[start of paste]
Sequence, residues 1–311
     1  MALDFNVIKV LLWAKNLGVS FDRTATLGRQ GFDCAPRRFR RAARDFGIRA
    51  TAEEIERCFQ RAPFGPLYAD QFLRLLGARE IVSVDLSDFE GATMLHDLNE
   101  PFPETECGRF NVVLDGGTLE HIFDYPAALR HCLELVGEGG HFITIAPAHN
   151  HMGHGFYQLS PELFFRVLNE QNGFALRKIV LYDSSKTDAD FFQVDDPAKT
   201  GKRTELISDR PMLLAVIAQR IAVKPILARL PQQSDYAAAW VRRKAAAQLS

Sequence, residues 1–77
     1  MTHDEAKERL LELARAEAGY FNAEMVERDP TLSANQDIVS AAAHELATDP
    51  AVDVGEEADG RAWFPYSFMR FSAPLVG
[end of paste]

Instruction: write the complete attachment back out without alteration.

Sequence, residues 1–311
     1  MALDFNVIKV LLWAKNLGVS FDRTATLGRQ GFDCAPRRFR RAARDFGIRA
    51  TAEEIERCFQ RAPFGPLYAD QFLRLLGARE IVSVDLSDFE GATMLHDLNE
   101  PFPETECGRF NVVLDGGTLE HIFDYPAALR HCLELVGEGG HFITIAPAHN
   151  HMGHGFYQLS PELFFRVLNE QNGFALRKIV LYDSSKTDAD FFQVDDPAKT
   201  GKRTELISDR PMLLAVIAQR IAVKPILARL PQQSDYAAAW VRRKAAAQLS

Sequence, residues 1–77
     1  MTHDEAKERL LELARAEAGY FNAEMVERDP TLSANQDIVS AAAHELATDP
    51  AVDVGEEADG RAWFPYSFMR FSAPLVG